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  • Cheyenne Johnson

Album Review: "Saviors" - Green Day



Photo credits: Pitchfork


Getting back to their roots, Green Day has released their 14th studio album, Saviors, channeling sounds from their earlier hits. The band pays tribute to their previous work, incorporating elements from albums like Dookie and American Idiot to create this latest addition to Green Day’s catalog. Saviors refuses to shy away from politics, giving a timely critique of some of the issues plaguing American minds.



TRACK LIST:

1. The American Dream Is Killing Me

2. Look Ma, No Brains!

3. Bobby Sox

4. One Eyed Bastard

5. Dilemma

6. 1981

7. Goodnight Adeline

8. Coma City

9. Corvette Summer

10. Suzie Chapstick

11. Strange Days Are Here to Stay

12. Living in the '20s

13. Father to a Son

14. Saviors

15. Fancy Sauce


Equal parts pop and punk, Green Day has been a household name for quite some time now. The band formed in 1987 and is credited with making punk mainstream in the ‘90s alongside other acts like The Offspring and Bad Religion. They have been an active part of the music scene since then, having sold over 85 million records and earning themselves a spot in the Rock and Roll Hall of Fame. Consisting of members Billie Joe Armstrong, Mike Dirnt, and Tré Cool, the three-piece is known for their rebellious attitude and relentless frustration for what the world has become. That attitude is captured well on Saviors, showcasing a revival of the band’s fan-favorite sound.




Unapologetically pop-punk, Green Day delivers banger after banger with their guitar-laden tracks and cynical lyrics. Entries like “The American Dream Is Killing Me,” “Look Ma, No Brains!,” “Coma City,” “Living in the ‘20s,” and “Strange Days Are Here to Stay” address sociopolitical aspects of the United States, expressing the band’s frustrated feelings over the state of the country today. “The American Dream Is Killing Me” sets the energetic pace for Saviors, starting the album off with the juxtaposition of patriotic guitar riffs and sarcastic, unpatriotic lyrics. The track was initially composed during the Trump era, but Armstrong believed the song was too much for the time.


Taking aim at the heart of society’s sick nature, Armstrong takes a look at the violence running rampant in the U.S. in “Living in the 20’s.” The track is edgy and aggressive, backing up the hard-hitting lyrics with an appropriate amount of pop-punk angst. Other songs like “Strange Days Are Here to Stay” reflect on the feeling that everything has gone to hell, doing so in a lighthearted way through playful melodies and comical lyrics. Contemplating society’s decline, Armstrong sings, “Ever since Bowie died/It hasn’t been the same,” and I honestly couldn’t agree more.




Departing from the album’s overall politically charged nature, songs like “Dilemma,” “Bobby Sox,” and “One Eyed Bastard” allow listeners to forget about the woes of the world for a bit. “Dilemma” focuses on the struggles of sobriety and falling in love in the catchiest way possible. The track is one of the highlights of Saviors, featuring a sound that takes us back to a nostalgic pop-punk era. Embracing his status as a bisexual icon, Armstrong delivers Green Day’s latest bisexual anthem with “Bobby Sox”—a song that features the singer repeatedly screaming the questions, “Do you wanna be my girlfriend?” and “Do you wanna be my boyfriend?” Both “Bobby Sox” and “One Eyed Bastard” seem to draw inspiration from some other artists, paying homage to some of the hits before this album. “Bobby Sox” begins with a riff that sounds oddly similar to The Rolling Stones’ “Beast of Burden” and later turns into an in-your-face sound that Weezer would be proud of. “One Eyed Bastard” seems to have been influenced by P!nk, having an opening riff similar to “So What.”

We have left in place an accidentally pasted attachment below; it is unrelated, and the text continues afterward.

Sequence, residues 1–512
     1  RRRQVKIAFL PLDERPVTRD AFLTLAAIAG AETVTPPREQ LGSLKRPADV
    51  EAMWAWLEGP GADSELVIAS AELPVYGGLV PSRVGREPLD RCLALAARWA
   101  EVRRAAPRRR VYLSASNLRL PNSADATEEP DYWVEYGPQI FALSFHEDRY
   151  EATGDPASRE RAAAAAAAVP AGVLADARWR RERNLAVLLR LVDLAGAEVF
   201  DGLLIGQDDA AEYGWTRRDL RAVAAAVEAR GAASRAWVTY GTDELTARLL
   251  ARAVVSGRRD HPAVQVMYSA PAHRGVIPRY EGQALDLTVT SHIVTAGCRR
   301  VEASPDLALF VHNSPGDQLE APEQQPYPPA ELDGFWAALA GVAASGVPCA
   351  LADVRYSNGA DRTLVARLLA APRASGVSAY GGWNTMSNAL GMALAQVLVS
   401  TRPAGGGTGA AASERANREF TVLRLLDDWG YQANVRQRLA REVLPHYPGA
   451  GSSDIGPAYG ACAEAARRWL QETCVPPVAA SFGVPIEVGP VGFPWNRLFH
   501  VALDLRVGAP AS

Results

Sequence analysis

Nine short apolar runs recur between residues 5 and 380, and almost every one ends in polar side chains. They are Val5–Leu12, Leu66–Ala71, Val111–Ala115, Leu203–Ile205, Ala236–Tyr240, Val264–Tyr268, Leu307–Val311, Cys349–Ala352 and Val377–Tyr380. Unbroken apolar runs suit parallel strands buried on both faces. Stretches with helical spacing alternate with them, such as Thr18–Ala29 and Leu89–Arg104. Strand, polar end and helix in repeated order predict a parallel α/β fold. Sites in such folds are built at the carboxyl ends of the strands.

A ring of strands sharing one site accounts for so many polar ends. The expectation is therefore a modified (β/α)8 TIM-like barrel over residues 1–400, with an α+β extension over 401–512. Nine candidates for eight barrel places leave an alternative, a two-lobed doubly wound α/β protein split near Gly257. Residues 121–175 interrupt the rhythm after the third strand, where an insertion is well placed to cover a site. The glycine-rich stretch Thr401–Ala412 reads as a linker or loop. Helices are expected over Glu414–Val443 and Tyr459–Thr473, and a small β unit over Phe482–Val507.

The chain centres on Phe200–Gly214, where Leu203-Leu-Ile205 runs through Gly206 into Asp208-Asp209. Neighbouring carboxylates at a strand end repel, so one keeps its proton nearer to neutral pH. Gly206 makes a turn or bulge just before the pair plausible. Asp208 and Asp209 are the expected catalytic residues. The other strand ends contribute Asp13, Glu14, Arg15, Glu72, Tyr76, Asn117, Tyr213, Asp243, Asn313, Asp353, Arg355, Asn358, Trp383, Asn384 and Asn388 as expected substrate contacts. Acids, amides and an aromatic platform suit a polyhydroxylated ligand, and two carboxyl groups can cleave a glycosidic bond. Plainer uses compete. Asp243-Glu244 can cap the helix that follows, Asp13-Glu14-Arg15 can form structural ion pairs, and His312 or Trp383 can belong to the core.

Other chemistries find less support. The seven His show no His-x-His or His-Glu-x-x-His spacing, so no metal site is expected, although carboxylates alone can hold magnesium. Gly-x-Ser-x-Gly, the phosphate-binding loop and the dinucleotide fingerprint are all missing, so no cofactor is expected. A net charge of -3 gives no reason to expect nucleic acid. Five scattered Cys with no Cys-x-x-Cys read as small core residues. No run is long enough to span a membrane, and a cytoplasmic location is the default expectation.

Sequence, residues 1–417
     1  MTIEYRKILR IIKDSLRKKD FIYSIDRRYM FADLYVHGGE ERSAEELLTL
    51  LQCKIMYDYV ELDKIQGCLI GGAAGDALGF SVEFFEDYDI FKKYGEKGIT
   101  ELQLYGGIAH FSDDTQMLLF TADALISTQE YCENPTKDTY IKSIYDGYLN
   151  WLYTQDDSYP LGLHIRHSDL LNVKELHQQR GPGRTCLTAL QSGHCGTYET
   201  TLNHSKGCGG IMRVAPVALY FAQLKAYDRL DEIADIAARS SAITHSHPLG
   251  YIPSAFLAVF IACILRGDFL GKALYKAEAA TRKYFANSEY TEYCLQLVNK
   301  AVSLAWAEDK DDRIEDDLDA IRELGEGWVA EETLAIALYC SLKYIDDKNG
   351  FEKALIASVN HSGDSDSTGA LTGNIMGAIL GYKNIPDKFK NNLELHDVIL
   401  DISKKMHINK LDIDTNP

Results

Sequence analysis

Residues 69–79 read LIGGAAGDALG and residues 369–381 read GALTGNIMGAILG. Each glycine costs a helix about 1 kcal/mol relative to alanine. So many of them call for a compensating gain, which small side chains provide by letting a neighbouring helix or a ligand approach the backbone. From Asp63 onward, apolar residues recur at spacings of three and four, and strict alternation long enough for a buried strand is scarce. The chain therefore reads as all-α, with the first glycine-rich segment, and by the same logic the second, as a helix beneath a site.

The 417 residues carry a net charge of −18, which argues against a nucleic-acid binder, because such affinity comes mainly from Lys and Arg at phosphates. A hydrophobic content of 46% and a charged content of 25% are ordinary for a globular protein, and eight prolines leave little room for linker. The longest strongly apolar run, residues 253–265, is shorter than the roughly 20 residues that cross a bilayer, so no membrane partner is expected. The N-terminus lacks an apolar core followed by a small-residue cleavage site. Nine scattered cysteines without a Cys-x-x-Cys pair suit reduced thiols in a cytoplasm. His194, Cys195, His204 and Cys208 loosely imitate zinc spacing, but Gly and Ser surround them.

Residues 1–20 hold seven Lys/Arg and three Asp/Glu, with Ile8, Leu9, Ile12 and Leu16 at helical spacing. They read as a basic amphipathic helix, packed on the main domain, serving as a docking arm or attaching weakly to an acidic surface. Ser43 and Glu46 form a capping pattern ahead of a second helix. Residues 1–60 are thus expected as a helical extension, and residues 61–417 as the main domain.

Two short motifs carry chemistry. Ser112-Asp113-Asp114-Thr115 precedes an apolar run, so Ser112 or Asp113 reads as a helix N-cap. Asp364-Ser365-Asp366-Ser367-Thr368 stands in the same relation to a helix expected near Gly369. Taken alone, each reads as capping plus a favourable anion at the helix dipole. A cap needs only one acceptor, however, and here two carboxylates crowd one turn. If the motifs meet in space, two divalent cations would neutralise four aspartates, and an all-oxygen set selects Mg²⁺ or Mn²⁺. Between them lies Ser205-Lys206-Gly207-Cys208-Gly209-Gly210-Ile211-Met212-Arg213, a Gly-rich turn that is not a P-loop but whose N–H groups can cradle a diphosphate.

Ignoring some of the uninspired lyrics on certain tracks, Saviors is filled with anthemic riffs and infectious melodies that’ll have several tracks being played on repeat. Quite a few of the tracks seem to intertwine feelings of nostalgia into the lyrics and melodies, including “Corvette Summer,” “1981,” and “Suzie Chapstick.” While “Corvette Summer” seems simple lyrically, it’s one of the catchier tunes on the album and would make a great song for cruising around with the top down.



Though many of the songs on Saviors are spirited and driving, the band shows they still know how to slow things down and let their softer side out. Green Day incorporates a few ballads on the album with “Goodnight Adeline,” “Father to a Son,” and “Fancy Sauce.” “Goodnight Adeline” has the essence of a power ballad, featuring face-melting guitars and large, impactful choruses. The softest track on Saviors, “Father to a Son,” starts with a simple, acoustic guitar driven soundscape that later evolves into an orchestral composition. Ending the album on a solemn note, “Fancy Sauce” is a thoughtful and introspective finale, closing Saviors with the idea that “We all die young someday.” It’s a striking shift from the animated nature of “Saviors,” the penultimate track on the album, leaving listeners with something to think about.


Green Day has always been attuned to states of political unrest and has made that known through their music. The band spares nothing when it comes to showing their distaste, letting that drive the narratives behind their bold creations. Saviors embodies that legacy to the fullest, taking us back to the band’s no-nonsense attitude that we’ve grown to know and love. Green Day may have strayed from that vibe a bit with albums like Father of All…, but Saviors brings back every bitter critique and rebellious outlook in the most tasteful way possible.


Written By Cheyenne Johnson



*copyright not intended. Fair use act, section 107.

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